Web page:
2. Filters:I'm considering purchasing two different filters, a broadband filter to dampen light pollution (noted above - although I question how helpful it will be), and a narrowband filter for nebula viewing from home and on rare occasions when I can get away from the city. Regarding the narrowband, I've read great reviews on the DGM NPB, so that's currently at the top of my list. With that in mind, I'd rather not pay the full $150, so I'm mulling the idea of getting the "cosmetic 2nd" discounted piece from Amazon (, but I'm concerned about the fact that the flaws include "cosmetic flaws, such as pinholes, sleeks, or light scratches". Are these flaws significant when it comes to filters?Or should I trust DGM when they say "flaws which have zero impact on optical performance. Spectral characteristics are the same high quality as our first quality filters and side by side performance is indistinguishable."

3. Eyepieces:There's so much information out there on eyepieces, it's difficult to settle on which eyepieces to target next. The XT8 Plus comes with an Orion 10mm plossl and 28mm "Deep View". The plossl seems well enough for now, but I don't feel that the Deep View provides enough FOV for a lower power eyepiece, so I think a low power, wide angle eyepiece will be my next purchase.With that in mind, any recommendations on the ideal "True FOV" to shoot for low power viewing? I know 2"+ will be necessary to take in all of thePleiades and Andromeda (for example), but is 2" considered overkill, or is this a good TFOV to shoot for? Any other eyepiece advice you can provide regarding building a strong initial eyepiece set would be helpful as well (considering mid to high-tier options).

Thanks a lot!

Mounts Questions & Expirience / Celestron CGX
« on: December 27, 2017, 07:50:32 PM »
I am starting a new thread to discuss the actual performance and experiences with the new CGX mount from Celestron. I have noticed many sales and It seems to be showing up in stock at many retailers now and hopefully users can start reporting their experiences with it.

Some questions I have...

Are the handles helpful?
How is the tripod? The tripod is wider and so far the reports seem to be pretty good.
How is the new design of the base with regards to setting it on the tripod and making Alt/Az adjustments when polar aligning?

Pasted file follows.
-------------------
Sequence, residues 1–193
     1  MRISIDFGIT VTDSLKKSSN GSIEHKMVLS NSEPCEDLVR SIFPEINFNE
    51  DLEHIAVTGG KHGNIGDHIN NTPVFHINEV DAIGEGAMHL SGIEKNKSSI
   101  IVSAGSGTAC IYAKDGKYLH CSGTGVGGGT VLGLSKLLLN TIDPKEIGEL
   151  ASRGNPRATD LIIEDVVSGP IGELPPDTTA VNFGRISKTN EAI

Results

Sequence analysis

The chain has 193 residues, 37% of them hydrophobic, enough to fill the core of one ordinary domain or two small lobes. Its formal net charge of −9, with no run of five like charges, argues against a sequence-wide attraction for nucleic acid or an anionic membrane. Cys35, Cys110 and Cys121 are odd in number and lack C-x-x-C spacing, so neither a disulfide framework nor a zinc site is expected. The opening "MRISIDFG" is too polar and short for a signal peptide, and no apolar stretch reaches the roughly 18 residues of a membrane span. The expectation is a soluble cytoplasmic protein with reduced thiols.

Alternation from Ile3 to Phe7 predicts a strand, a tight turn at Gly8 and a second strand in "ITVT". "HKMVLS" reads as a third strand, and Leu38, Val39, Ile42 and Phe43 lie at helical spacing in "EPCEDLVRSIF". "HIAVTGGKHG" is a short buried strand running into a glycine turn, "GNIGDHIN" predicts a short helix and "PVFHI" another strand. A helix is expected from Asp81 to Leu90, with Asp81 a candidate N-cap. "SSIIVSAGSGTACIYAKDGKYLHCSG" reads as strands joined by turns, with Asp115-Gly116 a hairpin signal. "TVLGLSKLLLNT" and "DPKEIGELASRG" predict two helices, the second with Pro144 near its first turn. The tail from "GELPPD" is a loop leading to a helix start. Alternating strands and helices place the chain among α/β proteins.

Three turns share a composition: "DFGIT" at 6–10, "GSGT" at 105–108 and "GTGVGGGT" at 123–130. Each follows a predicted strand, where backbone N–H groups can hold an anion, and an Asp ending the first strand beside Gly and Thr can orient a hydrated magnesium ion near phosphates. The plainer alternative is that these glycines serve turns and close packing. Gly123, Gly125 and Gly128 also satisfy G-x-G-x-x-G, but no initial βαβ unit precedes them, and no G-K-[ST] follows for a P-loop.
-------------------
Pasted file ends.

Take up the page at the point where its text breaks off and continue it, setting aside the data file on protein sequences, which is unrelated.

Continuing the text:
Any issues with the USB port(s)?
Does anyone have the (Planewave) software yet that allows one to use the mount directly without the hand controller?
How good is the imaging with a 10" or larger OTA? Or with a smaller refractor?

The mount appears to be a replacement for the CGEM/DX and probably a good one, given the redesign of the worm drive, which has always been a weak link with the CGEM series. It has a stated instrument capacity of 55 lbs and many are curious if it lives up to that. At the very least, that should cover an 11" and its equipment pretty well, which would be an improvement over the CGEM/DX. The mount has a very good set of features supporting remote operation. Especially the home and limit switches. Have any users connected it to the standard control programs like MaximDL and SGP yet? I am also interested in the capabilities of the Planewave software that will eventually be released by Celestron for it. It is supposed to support multi-point modeling, although plate solving seems to be the way now, which I suspect it will also support since Planewave is also the author of Platesolve2 which is popular.

There have been a couple of threads started when the CGX was first introduced, and naturally, since it was so new, they are filled with conjecture and misinformation. Since the mount is now solidly in the supply chain and users are buying and using it, I would hope that this thread sticks to facts and real experiences regarding the CGX. Personally, I have a CGEM and a CGE Pro, and if I were to purchase a CGX it would replace my CGEM as a portable mount.

General Astronomy & Observing / Am I seeing red in M42?
« on: December 24, 2017, 04:15:58 PM »
Last week was the very first time I was able to stage my 16" Dob in The Orion Nebula since I received it, and I was floored by the detail, but over that, I am pretty sure I noticed a very subtle red hue along "the bar".  I looked  last night, and it seems like it is not an illusion, it is more evident at low forces, using 23mm (~80x) and 15mm EPs (~120x); with a 7mm(~260x), the red is almost unnoticeable (but the depth in the nebula was astonishing).  This is actually the first time I've noticed red in M42, and I've looked at it throughout the 60" scope at Mt. Wilson Observatory (though at approximately 240x); it is more surprising that I am seeing within ten miles of downtown Los Angeles.  I am still a little skeptical that I am viewing the colour for sure, has anyone else noticed the exact same colour on "the bar"?

Beginners Forum / Equatorial mount Polar alignment without Polaris?
« on: December 24, 2017, 12:19:28 AM »

I wanted to inquire if it's possible to perform polar alignment for my EQ bracket without visiting polaris?  as Polaris is blocked behind a wall, so is there a way to work around that?

Thank you